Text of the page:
Hurricane Matthew Update: Still Many Question Marks for NJ
Major Hurricane Matthew is still churning through the Caribbean Sea, turning north and setting sights on Jamaica, Haiti, Cuba, and the Bahamas. Is the US next?
The Latest on Matthew
When last I blogged about Hurricane Matthew's highly uncertain track on Thursday and Friday, the future of the storm was highly uncertain. Since then, Matthew has become a powerful "major" hurricane and has made the well-forecast "right turn" toward the north. Jamaica, Haiti, Cuba, and the Bahamas are going to get slammed over the next few days.
From a meteorological standpoint, Hurricane Matthew has been a truly fascinating storm so far:
--Its track through the Caribbean Sea is way further south than the vast majority of Atlantic basin tropical systems, and actually affected the northern coast of South America (Aruba, Curacao, Venezuela, and Colombia) this weekend.
--Matthew also experienced explosive growth, intensifying from a Tropical Storm (70 mph winds) on Thursday to a Category 5 Hurricane (160 mph) early Saturday morning - within just 36 hours.
--Its strength alone puts Matthew in a special class - one of only 31 storms to reach Category 5 status in the Atlantic basin since records began in 1851.
Here is the latest from the National Hurricane Center, as of 5 p.m. Sunday...
Forecast models have done an outstanding job predicting Matthew's "sharp right turn," which will pivot the storm's forward motion from westerly to northerly by Monday morning. (Note the current storm motion is toward the Northwest at 5 mph.) Matthew is still a powerful category 4 hurricane, with maximum sustained winds of 145 mph.
Forecast Track Possibilities
With the weekend (and several more model runs) under our belt, confidence is slowly rising about what sky and surf issues Matthew's may pose to the U.S. East Coast. However, it is still too early make a definitive "hit or miss" call for New Jersey.
It does seem clear that the timing of any potential storm impacts here in New Jersey would be next weekend, Saturday to Sunday.
Here is Sunday afternoon's "spaghetti plot," showing several models' forecast solutions for the center of Matthew over time. (Added text in yellow, by yours truly.)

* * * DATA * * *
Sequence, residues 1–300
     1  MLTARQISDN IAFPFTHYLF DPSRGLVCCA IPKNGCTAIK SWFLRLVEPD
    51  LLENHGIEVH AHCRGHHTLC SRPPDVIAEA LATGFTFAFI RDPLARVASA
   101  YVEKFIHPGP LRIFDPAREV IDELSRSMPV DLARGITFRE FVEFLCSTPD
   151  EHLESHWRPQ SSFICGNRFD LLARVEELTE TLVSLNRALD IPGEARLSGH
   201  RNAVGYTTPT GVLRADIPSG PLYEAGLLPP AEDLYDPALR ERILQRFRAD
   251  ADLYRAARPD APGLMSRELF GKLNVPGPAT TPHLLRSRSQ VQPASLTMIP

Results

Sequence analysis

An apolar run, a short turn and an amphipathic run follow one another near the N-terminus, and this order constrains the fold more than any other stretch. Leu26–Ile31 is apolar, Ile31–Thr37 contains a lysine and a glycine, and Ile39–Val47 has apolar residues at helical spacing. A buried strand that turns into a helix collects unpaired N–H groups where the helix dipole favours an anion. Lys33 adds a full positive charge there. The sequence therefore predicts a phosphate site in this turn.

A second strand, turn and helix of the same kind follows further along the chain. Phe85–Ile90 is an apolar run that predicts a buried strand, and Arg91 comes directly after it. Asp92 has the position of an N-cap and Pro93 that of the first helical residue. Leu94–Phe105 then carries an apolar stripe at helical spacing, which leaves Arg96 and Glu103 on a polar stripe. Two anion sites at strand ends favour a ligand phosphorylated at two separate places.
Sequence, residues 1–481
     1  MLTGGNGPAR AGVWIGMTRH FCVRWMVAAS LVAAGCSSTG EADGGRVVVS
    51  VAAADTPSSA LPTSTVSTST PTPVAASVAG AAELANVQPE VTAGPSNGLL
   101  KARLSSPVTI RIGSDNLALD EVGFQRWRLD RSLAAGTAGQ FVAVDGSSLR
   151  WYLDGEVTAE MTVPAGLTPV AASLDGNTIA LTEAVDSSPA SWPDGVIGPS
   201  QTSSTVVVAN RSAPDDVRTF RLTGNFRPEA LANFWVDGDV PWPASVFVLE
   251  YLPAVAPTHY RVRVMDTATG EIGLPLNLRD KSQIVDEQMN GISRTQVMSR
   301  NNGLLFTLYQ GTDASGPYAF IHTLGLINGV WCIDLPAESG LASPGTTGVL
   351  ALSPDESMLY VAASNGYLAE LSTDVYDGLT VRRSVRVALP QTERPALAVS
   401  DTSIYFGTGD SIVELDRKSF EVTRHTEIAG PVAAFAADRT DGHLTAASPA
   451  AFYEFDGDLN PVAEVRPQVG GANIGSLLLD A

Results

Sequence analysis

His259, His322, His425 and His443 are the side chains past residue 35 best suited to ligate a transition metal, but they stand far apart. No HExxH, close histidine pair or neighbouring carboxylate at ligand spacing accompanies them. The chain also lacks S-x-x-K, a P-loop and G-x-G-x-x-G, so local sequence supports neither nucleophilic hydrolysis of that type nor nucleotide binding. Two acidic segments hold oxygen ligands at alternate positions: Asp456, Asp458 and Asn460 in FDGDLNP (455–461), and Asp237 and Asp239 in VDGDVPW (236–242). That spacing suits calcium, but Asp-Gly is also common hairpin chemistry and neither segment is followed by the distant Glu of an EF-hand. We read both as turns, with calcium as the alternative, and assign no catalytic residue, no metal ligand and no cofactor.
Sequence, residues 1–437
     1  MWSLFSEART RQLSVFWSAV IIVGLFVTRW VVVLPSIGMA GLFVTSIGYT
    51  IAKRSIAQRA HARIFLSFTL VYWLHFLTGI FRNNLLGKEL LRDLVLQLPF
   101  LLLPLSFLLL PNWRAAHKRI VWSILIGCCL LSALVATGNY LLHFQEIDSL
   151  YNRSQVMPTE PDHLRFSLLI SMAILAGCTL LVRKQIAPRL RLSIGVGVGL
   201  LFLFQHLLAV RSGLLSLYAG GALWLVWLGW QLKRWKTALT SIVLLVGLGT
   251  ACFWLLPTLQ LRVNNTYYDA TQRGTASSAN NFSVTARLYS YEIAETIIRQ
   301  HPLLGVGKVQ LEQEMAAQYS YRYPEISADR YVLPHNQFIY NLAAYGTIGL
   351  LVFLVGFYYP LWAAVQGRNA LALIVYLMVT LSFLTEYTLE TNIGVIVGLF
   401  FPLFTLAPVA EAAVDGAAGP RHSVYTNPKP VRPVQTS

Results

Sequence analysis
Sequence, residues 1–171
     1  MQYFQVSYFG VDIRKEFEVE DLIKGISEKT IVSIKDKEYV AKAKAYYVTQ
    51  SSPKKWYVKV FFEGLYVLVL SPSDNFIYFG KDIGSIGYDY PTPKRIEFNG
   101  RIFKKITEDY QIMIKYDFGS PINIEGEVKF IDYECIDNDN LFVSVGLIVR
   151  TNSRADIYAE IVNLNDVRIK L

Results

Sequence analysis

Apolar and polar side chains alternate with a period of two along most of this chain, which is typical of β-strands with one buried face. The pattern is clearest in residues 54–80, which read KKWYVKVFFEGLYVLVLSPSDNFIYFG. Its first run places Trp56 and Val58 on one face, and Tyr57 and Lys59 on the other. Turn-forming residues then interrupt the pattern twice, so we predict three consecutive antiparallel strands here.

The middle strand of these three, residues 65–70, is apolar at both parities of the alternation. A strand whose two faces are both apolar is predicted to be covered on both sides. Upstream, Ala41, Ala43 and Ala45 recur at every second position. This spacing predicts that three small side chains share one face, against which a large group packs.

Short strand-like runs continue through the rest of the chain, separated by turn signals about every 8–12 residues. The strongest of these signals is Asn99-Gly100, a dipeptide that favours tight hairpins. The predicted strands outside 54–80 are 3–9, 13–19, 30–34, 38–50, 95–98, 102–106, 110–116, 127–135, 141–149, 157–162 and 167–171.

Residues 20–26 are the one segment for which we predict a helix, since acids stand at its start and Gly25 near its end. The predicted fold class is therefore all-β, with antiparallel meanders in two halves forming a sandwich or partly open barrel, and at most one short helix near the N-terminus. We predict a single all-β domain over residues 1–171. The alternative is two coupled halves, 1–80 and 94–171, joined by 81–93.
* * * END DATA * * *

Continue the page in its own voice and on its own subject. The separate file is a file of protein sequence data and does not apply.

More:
Over the weekend, most model runs push Matthew to the northeast (out to sea) after passing the Carolina coast. Most of the members of this particular plot follow that trend. Such an "out to sea" track would absolutely be New Jersey's best case scenario - we would likely still endure some rough surf and storm surge problems along the Jersey Shore, but would be spared the worst of the hurricane-force winds and tropical rains.
I have noted two other track scenarios on the map above - a "direct hit" and an "inland" path - which are both pretty close to a worst case scenario for New Jersey. To be clear, these tracks are the more unlikely ones at this time, given the latest model information and analysis. However, there's still time for this forecast time to flip-flop again. (Just to give you a rough idea, if the center of Matthew does trend closer to the mainland, we could be talking about over a foot of rainfall and/or 90+ mph winds.)
While this is not a "zero confidence" forecast as I noted last week, it's still a "low confidence" forecast. There are four aspects of Matthew's forecast that are likely going to "wiggle" as the storm charges northward. Any little change in the short-term can lead to big changes in the long-term outlook.
What can change in Matthew's forecast? Four variables...
--Longitude/Track??? As I already discussed, the further west the center of Matthew tracks (closer to the coast), the worse the weather impacts for New Jersey. Even if the storm steers out to sea, the Jersey Shore may still get smacked by significant surf and surge.
--Speed??? The faster the storm's forward motion, the sooner it hits and the sooner it leaves. The slower it goes, the later it hits and the more prolonged the effects.
--Intensity??? Matthew is already a potent "major hurricane". If it maintains its strength (or becomes even stronger), the more severe the potential impacts.
--Size??? This variable is especially important for the "out-to-sea" track. In a bigger (and stronger) storm, the tropical storm force winds will extend further out from the center. Thus, the chance increases that damaging winds will impact us.
The Bottom Line
So yes, multiple question marks remain, which will hopefully be resolved soon. Whether you live along the coast, or far inland... Whether you have outdoor plans next weekend, or not... Whether you believe meteorologists are professional scientists with your best interest in mind, or crackpots receiving bribes by every grocery and improvement store in the state... It is going to be exceptionally important to watch the forecast very carefully this week, especially over the next 48 to 72 hours.
Our next comprehensive forecast update will be posted here by 7 a.m. Monday.